Wednesday, February 25, 2015

Lent Course 2015 - The 39 Aticles - Handout (1) - INTRODUCTION

Lent Course 2015 – The 39 Articles – INTRODUCTION - (Handout 1)

The origins of The 39 Articles of Religion

Henry VIII (reign 1509-1547)
The 10 Articles 1536
The Bishop's Book 1537 = 'The Institution of a Christian Man'
The 13 Articles 1538 – agreed by Archbishop Thomas Cranmer and 3 Lutheran scholars, not published
The 6 Articles 1539 - traditionalist
The King's Book 1543 = 'The Necessary Doctrine and Erudition for any Christian Man' - a revision of the Bishop's Book
Edward VI (1547-1553) – period of most Evangelical Reform
Cranmer’s 42 Articles 1552 – drew on The 13 Articles - pretty similar to 39 Articles 
Elizabeth I (1558-1603)
The 11 Articles 1561
The 38 Articles 1563 – revision of Cranmer’s 42 articles, largely by Archbishop Parker 
*The 39 Articles 1571* – revised by Bishop Jewel, authorised by Parliament and Convocation in both English and Latin 
Charles II (1660-1685)
1662 The Book of Common Prayer printed with The 39 Articles – clerical subscription strictly required

Influenced e.g. by the Lutheran Confessions of Württemberg & Augsburg
16th C context: against both Roman Catholicism and Anabaptists

4 historic purposes of The 39 Articles according to J. I. Packer:

1. ‘To act as the Church of England’s theological identity-card, showing what she stood for in a split and warring Christendom. As such, the Articles were intended to be a title-deed to catholic status’

2. ‘To safeguard the truth of the gospel, for the good of souls, the welfare of the church itself, and the glory of God’

3. ‘To bring unity and order into the church (‘the establishing of consent touching true religion’ [from long title]), and this in the realms of both doctrine and discipline’

4. ‘To set bounds to the comprehensiveness of the Church of England... they were meant to ensure that all Anglican clergy, whatever their views on other matters, should unite in teaching an Augustinian doctrine of sin and a Reformed doctrine of justification and grace’.

The status of The 39 Articles

The Canons the law of the church - Canon A2 Of the Thirty-nine Articles of Religion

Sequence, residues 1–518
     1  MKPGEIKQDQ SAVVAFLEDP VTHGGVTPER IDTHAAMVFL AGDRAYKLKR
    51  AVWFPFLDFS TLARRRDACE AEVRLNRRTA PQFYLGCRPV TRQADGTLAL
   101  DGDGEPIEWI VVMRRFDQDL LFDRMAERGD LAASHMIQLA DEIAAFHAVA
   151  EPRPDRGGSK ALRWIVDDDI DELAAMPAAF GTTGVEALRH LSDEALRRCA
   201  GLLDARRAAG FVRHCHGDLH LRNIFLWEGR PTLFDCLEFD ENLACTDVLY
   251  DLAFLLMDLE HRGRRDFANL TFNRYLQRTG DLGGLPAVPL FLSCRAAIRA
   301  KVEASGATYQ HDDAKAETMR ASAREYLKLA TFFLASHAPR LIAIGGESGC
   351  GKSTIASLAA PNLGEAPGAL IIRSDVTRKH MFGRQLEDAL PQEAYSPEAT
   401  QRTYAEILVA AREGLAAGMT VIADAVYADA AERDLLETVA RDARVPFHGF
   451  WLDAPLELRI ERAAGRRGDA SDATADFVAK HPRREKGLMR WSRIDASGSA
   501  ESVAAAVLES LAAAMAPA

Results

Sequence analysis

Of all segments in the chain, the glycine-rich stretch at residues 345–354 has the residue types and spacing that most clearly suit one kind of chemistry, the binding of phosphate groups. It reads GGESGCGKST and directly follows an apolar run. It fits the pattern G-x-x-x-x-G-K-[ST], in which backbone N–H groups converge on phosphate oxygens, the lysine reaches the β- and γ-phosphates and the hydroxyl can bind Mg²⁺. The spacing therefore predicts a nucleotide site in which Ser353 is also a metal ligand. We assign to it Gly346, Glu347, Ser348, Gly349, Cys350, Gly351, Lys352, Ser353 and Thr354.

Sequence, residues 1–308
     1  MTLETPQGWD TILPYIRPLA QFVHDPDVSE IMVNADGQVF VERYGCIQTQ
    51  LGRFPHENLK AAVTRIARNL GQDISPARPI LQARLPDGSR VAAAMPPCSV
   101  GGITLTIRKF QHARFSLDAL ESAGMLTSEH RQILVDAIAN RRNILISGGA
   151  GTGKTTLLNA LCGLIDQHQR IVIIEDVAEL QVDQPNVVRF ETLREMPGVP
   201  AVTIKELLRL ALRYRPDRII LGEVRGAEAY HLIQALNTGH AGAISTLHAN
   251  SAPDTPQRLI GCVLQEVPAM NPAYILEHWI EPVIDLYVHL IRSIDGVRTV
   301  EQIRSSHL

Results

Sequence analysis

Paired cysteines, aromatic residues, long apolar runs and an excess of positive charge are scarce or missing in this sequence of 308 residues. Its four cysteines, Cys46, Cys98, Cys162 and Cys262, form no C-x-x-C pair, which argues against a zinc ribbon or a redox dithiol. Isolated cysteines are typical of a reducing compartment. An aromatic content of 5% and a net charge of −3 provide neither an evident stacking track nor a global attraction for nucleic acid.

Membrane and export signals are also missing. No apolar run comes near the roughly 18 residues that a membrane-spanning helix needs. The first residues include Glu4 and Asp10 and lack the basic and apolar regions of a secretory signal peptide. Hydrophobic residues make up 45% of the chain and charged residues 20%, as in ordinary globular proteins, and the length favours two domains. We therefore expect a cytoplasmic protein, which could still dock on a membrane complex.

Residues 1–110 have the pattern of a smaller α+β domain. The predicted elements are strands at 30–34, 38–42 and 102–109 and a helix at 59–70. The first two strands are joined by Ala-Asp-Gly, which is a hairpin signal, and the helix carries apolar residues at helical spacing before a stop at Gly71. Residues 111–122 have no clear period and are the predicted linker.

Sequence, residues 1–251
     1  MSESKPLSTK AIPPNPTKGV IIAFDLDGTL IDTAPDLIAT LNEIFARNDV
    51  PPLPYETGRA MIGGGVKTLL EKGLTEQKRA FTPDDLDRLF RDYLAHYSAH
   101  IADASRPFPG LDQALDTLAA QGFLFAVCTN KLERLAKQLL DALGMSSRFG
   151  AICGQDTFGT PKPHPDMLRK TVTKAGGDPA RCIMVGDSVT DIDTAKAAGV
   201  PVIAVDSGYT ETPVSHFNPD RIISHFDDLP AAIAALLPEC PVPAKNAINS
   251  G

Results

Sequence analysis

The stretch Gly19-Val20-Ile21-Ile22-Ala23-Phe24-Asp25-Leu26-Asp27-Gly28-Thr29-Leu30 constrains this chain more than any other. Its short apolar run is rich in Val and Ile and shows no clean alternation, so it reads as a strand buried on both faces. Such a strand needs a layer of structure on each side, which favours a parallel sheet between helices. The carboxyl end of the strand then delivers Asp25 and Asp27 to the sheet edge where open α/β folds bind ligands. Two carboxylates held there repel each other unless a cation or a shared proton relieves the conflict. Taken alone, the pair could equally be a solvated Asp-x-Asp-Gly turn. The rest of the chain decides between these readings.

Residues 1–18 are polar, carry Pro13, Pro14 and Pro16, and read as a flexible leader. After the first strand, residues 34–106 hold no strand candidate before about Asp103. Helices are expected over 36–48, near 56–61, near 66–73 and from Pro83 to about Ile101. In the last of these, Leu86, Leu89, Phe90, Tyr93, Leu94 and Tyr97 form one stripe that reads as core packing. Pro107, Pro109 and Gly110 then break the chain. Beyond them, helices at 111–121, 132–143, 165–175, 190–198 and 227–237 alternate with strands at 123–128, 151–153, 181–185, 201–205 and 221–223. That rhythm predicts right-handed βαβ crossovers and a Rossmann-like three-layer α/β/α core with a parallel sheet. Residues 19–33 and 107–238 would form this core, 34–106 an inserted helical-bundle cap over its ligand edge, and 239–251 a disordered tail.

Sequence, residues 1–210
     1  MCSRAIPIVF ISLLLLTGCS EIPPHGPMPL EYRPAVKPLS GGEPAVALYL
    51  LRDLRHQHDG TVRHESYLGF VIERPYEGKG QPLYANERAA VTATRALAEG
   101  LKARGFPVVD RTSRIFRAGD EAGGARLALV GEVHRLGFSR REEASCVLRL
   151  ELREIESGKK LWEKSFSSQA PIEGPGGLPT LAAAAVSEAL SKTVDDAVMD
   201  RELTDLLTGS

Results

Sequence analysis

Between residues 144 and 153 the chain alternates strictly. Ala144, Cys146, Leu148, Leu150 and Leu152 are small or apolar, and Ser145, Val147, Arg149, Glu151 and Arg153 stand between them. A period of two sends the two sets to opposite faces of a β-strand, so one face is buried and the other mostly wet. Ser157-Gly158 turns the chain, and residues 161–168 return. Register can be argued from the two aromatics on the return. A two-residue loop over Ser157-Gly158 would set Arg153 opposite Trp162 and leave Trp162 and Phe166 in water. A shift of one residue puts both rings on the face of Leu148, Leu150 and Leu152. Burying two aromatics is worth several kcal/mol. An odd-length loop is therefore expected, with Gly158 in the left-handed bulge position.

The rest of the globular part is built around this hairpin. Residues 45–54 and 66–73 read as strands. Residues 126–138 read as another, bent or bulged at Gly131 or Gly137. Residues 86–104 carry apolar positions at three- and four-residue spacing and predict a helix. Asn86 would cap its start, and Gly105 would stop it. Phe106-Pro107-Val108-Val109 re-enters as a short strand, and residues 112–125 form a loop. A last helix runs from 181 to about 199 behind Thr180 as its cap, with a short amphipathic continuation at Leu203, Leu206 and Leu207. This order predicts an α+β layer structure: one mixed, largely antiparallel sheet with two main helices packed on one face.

The Thirty-nine Articles are agreeable to the Word of God and may be assented unto with a good conscience by all members of the Church of England

Canon A5 Of the doctrine of the Church of England

The doctrine of the Church of England is grounded in the Holy Scriptures, and in such teachings of the ancient Fathers and Councils of the Church as are agreeable to the said Scriptures.
In particular such doctrine is to be found in the Thirty-nine Articles of Religion, The Book of Common Prayer, and the Ordinal.
The Declaration of Assent (from 1975)

The Declaration of Assent is made by deacons, priests and bishops of the Church of England when they are ordained and on each occasion when they take up a new appointment (Canon C 15).


The Church of England is part of the One, Holy, Catholic and Apostolic Church, worshipping the one true God, Father, Son and Holy Spirit. It professes the faith uniquely revealed in the Holy Scriptures and set forth in the catholic creeds, which faith the Church is called upon to proclaim afresh in each generation. Led by the Holy Spirit, it has borne witness to Christian truth in its historic formularies, the Thirty-nine Articles of Religion, The Book of Common Prayer and the Ordering of Bishops, Priests and Deacons. In the declaration you are about to make, will you affirm your loyalty to this inheritance of faith as your inspiration and guidance under God in bringing the grace and truth of Christ to this generation and making Him known to those in your care?

Declaration of Assent

I, A B, do so affirm, and accordingly declare my belief in the faith which is revealed in the Holy Scriptures and set forth in the catholic creeds and to which the historic formularies of the Church of England bear witness; and in public prayer and administration of the sacraments, I will use only the forms of service which are authorized or allowed by Canon.
Article 6 Of the Sufficiency of the Holy Scriptures for Salvation
Holy Scripture containeth all things necessary to salvation: so that whatsoever is not read therein, nor may be proved thereby, is not to be required of any man, that it should be believed as an article of the Faith, or be thought requisite or necessary to salvation…